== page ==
Man's Search for Meaning: An Introduction to Logotherapy

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Beacon Press, 1992 - Psychology - 165 pages
3397 Reviews
Man's Search for Meaning has riveted generations of readers with its descriptions of life in Nazi death camps and its lessons for spiritual survival. Between 1942 and 1945 psychiatrist Viktor Frankl labored in four different camps, including Auschwitz, while his parents, brother, and pregnant wife perished. Based on his own experience and the stories of his many patients, Frankl argues that we cannot avoid suffering but we can choose how to cope with it, find meaning in it, and move forward with renewed purpose. Frankl's theory—known as logotherapy, from the Greek word logos ("meaning")—holds that our primary drive in life is not pleasure, as Freud maintained, but the discovery and pursuit of what we personally find meaningful. "What man actually needs," Frankl writes, "is not a tensionless state but rather the striving and struggling for a worthwhile goal, a freely chosen task . . . the call of a potential meaning waiting to be fulfilled by him."

In the decades since its first publication in 1959, Man's Search for Meaning has become a classic, with more than twelve million copies in print around the world. A 1991 Library of Congress survey that asked readers to name a "book that made a difference in your life" found Man's Search for Meaning among the ten most influential books in America. At once a memoir, a meditation, a treatise, and a history, it continues to inspire us all to find significance in the very act of living.

"One of the great books of our time."
»Harold S. Kushner, author of When Bad Things Happen to Good People

"One of the outstanding contributions to psychological thought in the last fifty years."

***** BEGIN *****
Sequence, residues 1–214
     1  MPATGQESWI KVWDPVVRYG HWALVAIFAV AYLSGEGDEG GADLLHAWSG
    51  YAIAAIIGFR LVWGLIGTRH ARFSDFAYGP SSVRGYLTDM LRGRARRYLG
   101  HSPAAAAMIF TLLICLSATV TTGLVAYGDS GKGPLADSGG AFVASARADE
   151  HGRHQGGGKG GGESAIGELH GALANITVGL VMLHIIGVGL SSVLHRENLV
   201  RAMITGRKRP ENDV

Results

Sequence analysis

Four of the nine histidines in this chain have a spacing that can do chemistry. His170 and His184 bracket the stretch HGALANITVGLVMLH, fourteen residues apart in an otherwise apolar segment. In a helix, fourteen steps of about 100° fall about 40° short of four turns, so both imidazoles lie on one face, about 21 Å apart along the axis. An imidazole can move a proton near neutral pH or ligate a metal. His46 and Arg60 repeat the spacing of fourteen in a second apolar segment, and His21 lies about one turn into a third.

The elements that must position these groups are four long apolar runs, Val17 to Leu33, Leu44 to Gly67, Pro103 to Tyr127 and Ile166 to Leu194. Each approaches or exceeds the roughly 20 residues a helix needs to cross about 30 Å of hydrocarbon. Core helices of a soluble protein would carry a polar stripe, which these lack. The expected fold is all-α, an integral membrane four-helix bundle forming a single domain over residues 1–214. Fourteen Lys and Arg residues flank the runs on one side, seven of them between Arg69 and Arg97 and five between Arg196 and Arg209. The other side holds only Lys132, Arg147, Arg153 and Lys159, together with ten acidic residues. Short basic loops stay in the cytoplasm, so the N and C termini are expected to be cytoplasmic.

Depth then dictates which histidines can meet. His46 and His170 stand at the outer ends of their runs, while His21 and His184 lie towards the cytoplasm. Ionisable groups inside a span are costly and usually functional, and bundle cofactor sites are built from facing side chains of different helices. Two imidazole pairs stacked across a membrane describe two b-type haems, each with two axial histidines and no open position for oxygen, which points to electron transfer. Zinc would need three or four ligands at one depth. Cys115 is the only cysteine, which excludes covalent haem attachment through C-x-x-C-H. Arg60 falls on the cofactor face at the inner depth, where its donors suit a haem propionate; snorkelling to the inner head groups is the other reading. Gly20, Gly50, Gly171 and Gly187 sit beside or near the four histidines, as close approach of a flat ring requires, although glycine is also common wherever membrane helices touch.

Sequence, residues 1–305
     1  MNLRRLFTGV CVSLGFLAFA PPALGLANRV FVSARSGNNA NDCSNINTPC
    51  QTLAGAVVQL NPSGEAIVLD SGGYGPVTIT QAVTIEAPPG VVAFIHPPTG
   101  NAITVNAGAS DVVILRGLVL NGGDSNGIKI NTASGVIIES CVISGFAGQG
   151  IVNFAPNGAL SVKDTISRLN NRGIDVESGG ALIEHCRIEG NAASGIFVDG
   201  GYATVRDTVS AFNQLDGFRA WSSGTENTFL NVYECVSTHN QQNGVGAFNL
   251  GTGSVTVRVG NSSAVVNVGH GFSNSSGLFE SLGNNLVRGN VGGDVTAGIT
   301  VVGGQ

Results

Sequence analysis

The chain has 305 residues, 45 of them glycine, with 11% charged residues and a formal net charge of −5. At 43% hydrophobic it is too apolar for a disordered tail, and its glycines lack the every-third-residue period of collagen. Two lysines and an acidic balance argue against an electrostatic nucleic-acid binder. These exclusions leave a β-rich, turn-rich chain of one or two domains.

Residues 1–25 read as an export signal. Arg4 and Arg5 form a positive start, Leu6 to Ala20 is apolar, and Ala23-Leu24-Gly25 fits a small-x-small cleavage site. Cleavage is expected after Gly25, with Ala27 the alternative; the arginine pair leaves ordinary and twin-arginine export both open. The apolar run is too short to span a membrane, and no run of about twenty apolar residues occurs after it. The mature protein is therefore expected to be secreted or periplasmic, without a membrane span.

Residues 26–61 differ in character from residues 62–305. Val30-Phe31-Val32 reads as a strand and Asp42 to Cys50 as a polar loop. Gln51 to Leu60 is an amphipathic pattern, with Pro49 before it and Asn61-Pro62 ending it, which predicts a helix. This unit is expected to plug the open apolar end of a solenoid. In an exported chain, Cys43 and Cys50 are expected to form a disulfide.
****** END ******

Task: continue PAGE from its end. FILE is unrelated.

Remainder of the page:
»Carl R. Rogers (1959)

"One of the ten most influential books in America."
—Library of Congress/Book-of-the-Month Club Survey of Lifetime Readers


Born in Vienna in 1905, Viktor E. Frankl earned an M.D. and a Ph.D. from the University of Vienna. He published more than thirty books on theoretical and clinical psychology and served as a visiting professor and lecturer at Harvard, Stanford, and elsewhere. In 1977 a fellow survivor, Joseph Fabry, founded the Viktor Frankl Institute of Logotherapy. Frankl died in 1997.

Harold S. Kushner is rabbi emeritus at Temple Israel in Natick, Massachusetts, and the author of several best-selling books, including When Bad Things Happen to Good People, Living a Life That Matters, and When All You've Ever Wanted Isn't Enough.

William J. Winslade is a philosopher, lawyer, and psychoanalyst who teaches at the University of Texas Medical Branch in Galveston and the University of Houston Law Center.
 

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User Review  - msaucier818 - LibraryThing

I am not sure how I had never come across this book before. A classic memoir by Frankl that tells his story of how he survived the concentration camps of World War II. The book also doubles as a ... Read full review

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User Review  - madepercy - LibraryThing

I mistakenly read Frankl's sequel to this book back in December 2016. In Man's Search for Ultimate Meaning, Frankl focused on the "existential vacuum" and psychological concepts in some detail. I ... Read full review

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Meanings of Life
Roy F. Baumeister
Limited preview - 1991
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About the author (1992)

Viktor E. Frankl was professor of neurology and psychiatry at the University of Vienna Medical School until his death in 1997. His twenty-nine books have been translated into twenty-one languages. During World War II, he spent three years in Auschwitz, Dachau, and other concentration camps.

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